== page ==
Powder Blue (2009)
★ / ★★★★
Written and directed by Timothy Linh Bui, “Powder Blue” tells the stories of an exotic dancer, a suicidal man, an ex-con, and a mortician and how their lives are connected to one another days before Christmas Eve. While the picture aims to communicate the sadness in the paradox of living in a hugely populated city yet no one seems to really care, most the scenes, I must admit, made me laugh when it is supposed to be very serious.
For instance, as Charlie (Forest Whitaker) lures strangers to shoot a bullet through his heart for $50,000, the execution of the character’s request lacks a proper build-up that comes across effortless and commanding genuine tension. Although Whitaker’s performance might have been convincing given a proper direction coupled with a script that offers a backbone and supporting substance, it feels very awkward here. The rare glimmers of intensity is a testament to how good Whitaker can be as a raw performer.
Another weak strand involves Jack (Ray Liotta), recently released from jail, frequenting a strip club because there is something about the sight of Johnny (Jessica Biel) that piques his curiosity. While inside the strip club, each time he is shown standing about or sitting down staring into nothing, he always looks sad. It is emotionally manipulative because not enough time is invested toward honing in on the character’s sadness and communicating it to us that does not come across preachy.
The convenient flashbacks do nothing to make us more sympathetic and sensitive to the characters’ struggles. If there is one shining moment in the film, it is found in the waitress that Charlie meets in a diner that stands in as his second home. While Sally (Lisa Kudrow) has her own share of problems and sadness, the light within her resonated with me. I enjoyed the way Kudrow allows her character to reach out and help Charlie and yet she isn’t quite sure if she is ready to take on a friend or a potential romantic interest.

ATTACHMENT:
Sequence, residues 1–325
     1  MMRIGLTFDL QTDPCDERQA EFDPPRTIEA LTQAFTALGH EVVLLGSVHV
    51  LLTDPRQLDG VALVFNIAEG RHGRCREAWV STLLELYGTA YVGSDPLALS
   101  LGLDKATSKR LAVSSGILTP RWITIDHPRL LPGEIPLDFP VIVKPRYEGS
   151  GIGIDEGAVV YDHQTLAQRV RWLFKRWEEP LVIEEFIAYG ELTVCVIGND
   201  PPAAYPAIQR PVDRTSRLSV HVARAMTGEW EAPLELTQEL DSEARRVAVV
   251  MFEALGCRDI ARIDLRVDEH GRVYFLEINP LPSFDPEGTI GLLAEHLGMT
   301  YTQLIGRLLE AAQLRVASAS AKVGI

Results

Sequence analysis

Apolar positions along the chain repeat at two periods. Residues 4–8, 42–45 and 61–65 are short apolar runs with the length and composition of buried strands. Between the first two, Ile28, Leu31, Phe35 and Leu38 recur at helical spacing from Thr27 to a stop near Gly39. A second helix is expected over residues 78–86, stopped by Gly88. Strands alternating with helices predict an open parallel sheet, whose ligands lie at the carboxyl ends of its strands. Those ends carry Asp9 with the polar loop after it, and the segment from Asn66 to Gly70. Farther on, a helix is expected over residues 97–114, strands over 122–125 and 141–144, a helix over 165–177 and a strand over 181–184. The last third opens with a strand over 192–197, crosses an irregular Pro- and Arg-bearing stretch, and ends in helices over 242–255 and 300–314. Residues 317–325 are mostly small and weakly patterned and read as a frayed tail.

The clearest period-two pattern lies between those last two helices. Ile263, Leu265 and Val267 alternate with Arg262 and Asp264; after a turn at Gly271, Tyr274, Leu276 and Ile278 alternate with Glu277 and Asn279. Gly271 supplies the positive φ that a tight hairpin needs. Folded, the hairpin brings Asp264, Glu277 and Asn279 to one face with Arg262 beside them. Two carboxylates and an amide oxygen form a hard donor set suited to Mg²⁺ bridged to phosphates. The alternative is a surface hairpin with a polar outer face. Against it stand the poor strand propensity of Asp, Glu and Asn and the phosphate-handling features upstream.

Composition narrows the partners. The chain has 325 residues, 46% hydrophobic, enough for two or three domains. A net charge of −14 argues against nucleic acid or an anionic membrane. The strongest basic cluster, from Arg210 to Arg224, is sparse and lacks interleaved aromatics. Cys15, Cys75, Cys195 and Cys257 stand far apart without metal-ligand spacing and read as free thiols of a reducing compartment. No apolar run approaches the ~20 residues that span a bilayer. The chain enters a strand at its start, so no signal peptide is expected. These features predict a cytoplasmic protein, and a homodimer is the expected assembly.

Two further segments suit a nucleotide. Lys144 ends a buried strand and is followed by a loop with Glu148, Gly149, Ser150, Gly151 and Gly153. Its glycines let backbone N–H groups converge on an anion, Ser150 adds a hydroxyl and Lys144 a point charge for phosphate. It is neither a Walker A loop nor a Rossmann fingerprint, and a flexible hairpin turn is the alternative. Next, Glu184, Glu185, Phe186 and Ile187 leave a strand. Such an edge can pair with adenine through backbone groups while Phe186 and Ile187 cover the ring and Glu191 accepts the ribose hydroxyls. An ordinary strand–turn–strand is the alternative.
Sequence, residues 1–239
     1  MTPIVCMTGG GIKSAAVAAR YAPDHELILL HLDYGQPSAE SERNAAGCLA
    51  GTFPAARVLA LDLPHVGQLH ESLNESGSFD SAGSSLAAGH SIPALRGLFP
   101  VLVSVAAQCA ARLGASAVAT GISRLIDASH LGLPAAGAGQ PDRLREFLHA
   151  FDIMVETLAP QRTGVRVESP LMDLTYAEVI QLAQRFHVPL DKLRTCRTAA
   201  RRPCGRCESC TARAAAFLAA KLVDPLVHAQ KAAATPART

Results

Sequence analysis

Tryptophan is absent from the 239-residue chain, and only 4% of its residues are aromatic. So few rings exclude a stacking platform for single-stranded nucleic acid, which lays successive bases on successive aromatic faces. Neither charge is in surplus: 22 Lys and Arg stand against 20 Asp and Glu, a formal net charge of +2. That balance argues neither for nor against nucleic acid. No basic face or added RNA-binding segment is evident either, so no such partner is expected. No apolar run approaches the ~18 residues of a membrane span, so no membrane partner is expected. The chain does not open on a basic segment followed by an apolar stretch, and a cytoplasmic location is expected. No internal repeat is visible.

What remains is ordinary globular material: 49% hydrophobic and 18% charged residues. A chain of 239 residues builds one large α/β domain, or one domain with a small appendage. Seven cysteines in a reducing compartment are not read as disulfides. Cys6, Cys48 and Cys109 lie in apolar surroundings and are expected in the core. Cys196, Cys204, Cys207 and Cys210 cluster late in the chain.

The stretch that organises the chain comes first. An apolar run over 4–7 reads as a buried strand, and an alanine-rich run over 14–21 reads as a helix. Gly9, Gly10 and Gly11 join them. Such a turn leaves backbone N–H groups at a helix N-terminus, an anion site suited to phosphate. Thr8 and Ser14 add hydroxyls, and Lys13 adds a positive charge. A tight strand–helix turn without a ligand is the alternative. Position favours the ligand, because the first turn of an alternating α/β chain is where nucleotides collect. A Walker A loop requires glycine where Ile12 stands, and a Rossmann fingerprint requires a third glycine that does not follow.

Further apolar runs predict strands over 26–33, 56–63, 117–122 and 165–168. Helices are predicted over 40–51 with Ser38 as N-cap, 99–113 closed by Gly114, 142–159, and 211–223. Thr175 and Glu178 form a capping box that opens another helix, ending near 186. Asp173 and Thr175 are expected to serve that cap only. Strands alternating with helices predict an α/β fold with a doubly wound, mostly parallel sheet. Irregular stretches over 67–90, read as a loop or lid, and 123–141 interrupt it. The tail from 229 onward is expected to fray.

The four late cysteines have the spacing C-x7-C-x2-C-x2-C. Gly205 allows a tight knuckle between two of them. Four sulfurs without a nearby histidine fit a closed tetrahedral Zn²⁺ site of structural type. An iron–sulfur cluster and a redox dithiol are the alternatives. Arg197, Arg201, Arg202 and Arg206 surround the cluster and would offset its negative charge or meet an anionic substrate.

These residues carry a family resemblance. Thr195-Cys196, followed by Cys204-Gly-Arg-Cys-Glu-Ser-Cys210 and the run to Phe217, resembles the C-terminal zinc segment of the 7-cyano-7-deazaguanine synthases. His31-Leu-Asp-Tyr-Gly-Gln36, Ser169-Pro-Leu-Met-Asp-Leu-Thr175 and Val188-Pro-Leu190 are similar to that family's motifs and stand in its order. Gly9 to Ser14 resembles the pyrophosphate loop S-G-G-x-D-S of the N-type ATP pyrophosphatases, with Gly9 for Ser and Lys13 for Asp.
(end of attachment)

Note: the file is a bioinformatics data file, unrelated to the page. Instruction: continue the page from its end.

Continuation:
Sally and Charlie share several gauche conversations but the way in which they mirror each other’s energy made me want to know more about their relationship and consider ways that could help them to move on from their current problems. What they have is about hope and it is critical to the picture because everything about it is so depressing: the cinematography, the subject matter, and the characters being convinced that there is no escaping their fates.
The storyline that shows potential but ultimately does not deliver involves Qwerty (Eddie Redmayne) and his reclusive existence. We are given information about his life like the fact that his father, also a mortician, recently passed away and that their family business is about to go under due to unpaid bills. Unfortunately, there are not enough scenes of his struggles designed to show rather than tell. What is executed nicely is his interactions with a dog he accidentally had ran over and later taken home. It shows that he is capable of giving love but recent events in his life almost prevents him from going out there in the world and living his life as a young person.
Because “Powder Blue” is so intent on showcasing the seedy environs of Los Angeles, it neglects to paint its characters as real people. It also feels overlong. The problems of the protagonists defines them and the screenplay is unwilling to explore other potentially more interesting avenues.